The day after Thanksgiving marks the official beginning of the Holiday shopping season, but at the Marohn household it kicks off something far more important: the Holiday music season. Our Fridays (when my wife is at work and I am home with the girls) have already included a fair mix of jolly tunes, but now we are free to play them all week. When the baking begins next weekend, we will be in total festive mode. I hope your next few weeks are as wonderful as ours.
Enjoy this week's news.
- It has always seemed a little strange to me that we are seeking the economy's "recovery" and are measuring that, at least in part, by increasing consumer spending. Is it not runaway consumer spending that put us here in the first place? At least one AP reporter sees an end to the recession in better-than-expected consumer spending numbers.
- Combine the spending numbers with a slowdown in the rate of job loss (we're still losing jobs, just more slowly) and higher (subsidy-induced) home sales, and some are saying the recession is near an end. On the other hand, a downward revision to GDP could indicate a double-dip is on the horizon. With these typical measures of prosperity contradicting, I can't help but think we are missing something. Instead of measuring recovery - which would seem a denote a return to a prior condition - shouldn't we be measuring transformation?
- The difficulty we have in transforming our economy into something that will create long-term prosperity is troubling. The fact that the Fed is worried that the impossible task of balancing near-term recovery with fixing our long-term imbalances may induce another bubble adds to that troubled feeling I have.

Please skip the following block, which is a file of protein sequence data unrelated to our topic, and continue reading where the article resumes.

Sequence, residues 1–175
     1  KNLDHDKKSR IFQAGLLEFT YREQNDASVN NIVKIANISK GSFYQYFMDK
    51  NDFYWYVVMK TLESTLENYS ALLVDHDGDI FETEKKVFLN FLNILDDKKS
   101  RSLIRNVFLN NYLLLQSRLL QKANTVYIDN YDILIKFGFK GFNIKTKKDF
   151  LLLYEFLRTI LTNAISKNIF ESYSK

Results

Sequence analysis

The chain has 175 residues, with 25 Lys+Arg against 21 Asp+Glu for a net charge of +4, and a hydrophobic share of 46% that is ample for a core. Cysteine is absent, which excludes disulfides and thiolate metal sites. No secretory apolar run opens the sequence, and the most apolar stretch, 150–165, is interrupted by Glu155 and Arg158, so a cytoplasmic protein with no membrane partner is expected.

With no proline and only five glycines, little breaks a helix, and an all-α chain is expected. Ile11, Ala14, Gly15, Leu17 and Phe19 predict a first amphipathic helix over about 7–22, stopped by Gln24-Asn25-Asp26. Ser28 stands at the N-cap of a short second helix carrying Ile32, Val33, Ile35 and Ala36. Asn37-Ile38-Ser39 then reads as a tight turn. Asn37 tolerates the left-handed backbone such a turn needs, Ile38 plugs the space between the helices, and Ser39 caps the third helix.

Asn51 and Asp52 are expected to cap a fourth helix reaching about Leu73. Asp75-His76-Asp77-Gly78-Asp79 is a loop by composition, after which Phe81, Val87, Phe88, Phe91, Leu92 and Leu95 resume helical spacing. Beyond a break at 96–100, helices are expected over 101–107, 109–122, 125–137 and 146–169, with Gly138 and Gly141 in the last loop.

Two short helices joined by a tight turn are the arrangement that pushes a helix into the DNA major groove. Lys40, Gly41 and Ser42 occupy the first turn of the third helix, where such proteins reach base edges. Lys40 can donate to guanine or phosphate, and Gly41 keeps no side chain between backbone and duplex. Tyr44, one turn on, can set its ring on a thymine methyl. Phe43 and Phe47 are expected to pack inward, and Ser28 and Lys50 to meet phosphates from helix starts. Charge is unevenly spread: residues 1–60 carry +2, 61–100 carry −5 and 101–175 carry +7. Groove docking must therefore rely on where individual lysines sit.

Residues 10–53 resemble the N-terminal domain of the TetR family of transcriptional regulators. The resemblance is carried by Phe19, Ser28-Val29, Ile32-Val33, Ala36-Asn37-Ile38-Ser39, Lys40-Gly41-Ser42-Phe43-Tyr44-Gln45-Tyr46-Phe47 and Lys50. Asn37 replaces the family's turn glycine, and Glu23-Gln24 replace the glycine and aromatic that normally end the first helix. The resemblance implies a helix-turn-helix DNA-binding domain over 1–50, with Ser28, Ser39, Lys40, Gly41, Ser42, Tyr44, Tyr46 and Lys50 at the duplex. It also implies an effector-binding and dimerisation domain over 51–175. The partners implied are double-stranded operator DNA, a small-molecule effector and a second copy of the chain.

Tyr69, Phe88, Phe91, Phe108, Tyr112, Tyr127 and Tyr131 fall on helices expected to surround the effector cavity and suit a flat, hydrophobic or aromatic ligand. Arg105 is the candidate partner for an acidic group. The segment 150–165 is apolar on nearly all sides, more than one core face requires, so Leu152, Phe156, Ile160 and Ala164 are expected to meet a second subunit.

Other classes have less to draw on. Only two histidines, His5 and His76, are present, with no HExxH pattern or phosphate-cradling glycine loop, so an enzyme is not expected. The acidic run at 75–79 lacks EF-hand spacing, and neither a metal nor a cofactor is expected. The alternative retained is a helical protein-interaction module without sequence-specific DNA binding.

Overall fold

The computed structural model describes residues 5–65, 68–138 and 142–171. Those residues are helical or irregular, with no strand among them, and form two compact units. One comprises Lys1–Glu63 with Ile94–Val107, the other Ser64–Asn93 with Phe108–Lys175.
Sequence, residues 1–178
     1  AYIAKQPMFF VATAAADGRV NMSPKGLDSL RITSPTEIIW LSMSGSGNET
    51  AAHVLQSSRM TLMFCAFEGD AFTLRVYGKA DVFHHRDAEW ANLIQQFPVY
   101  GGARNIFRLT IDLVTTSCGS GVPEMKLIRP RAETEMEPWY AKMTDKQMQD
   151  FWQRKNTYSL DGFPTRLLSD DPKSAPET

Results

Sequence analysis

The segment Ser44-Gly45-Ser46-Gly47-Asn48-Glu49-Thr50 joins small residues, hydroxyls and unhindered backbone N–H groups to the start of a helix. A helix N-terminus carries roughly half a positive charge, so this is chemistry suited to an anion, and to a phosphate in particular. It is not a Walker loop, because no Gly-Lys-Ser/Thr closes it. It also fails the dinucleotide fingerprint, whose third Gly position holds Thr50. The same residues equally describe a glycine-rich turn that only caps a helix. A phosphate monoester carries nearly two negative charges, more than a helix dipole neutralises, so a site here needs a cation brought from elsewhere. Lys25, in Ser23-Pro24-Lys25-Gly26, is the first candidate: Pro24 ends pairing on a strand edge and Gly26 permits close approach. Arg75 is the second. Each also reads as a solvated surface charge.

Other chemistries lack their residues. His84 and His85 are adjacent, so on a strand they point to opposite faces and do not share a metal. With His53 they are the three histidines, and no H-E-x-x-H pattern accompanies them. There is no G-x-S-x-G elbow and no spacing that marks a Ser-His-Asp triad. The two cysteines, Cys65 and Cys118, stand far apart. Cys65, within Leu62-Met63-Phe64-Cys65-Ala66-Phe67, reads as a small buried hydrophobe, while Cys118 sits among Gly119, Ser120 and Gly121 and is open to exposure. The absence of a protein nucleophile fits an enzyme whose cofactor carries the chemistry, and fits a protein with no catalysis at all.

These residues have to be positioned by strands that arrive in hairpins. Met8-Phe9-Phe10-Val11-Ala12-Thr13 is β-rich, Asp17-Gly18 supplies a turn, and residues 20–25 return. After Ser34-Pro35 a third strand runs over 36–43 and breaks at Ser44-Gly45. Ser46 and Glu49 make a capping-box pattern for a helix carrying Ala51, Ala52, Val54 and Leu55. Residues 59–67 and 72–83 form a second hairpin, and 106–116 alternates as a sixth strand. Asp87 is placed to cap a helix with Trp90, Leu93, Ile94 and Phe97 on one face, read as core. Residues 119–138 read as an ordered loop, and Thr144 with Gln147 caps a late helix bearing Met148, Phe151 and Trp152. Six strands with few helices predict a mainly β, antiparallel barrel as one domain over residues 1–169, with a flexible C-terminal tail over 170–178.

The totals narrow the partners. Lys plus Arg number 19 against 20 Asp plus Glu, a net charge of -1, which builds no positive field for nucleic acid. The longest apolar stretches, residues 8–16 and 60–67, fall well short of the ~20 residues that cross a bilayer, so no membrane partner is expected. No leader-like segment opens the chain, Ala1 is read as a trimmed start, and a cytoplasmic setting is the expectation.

- It could be that the speculative bubble we are inducing this time may be a government one. This article in the NY Times examines the devastating impact that the eventual increase in interest rates will have on our public debt.
- While many of us see the failed residential development has been at the heart of the recent downtown, the specter of increased commercial failures in the form of "zombie buildings" is a scary thought.
- For us to transform our economy into something efficient and financially viable, it is going to take a change in how we live and how we grow. This blog post discusses transforming our inefficient development pattern by making it more urban, more dense and more walkable.
- In my home state of Minnesota, this transformation for communities is going to mean doing more with less. Despite huge recent cuts in aid to local governments, more are apparently on the horizon.
- If the system can be reformed from within - and that is a huge IF - then it will need to be in fulfilling statements like these from Representative James Oberstar, Chairman of the House Transportation Committee.
The Interstate highway era, begun more than 50 years ago, is nearing an end. Current funding streams are unable to maintain the system, let alone add to it. Transportation policy itself is adrift, lacking clear goals and measurable results. Given current funding constraints, smarter, more focused spending is needed.
- When pondering transforming the transportation system, what is interesting to consider is how interstate highways are funded. As this post shows, it is more and more by people who do not use the system.
- Those people still use local streets, and as long-time readers to this blog know, we are passionate about transforming our local streets. Here is a fun article showing some different street sections. Check out the lane widths in this one - just perfect!
- Finally, to kick off the holiday music extravaganza, here is a crazy clip - no, an insane clip - from one of Minnesota's originals, Bob Dylan. When I heard he was making a Christmas album, I thought it was a joke. Watch this and then you tell me - is the joke on us or him?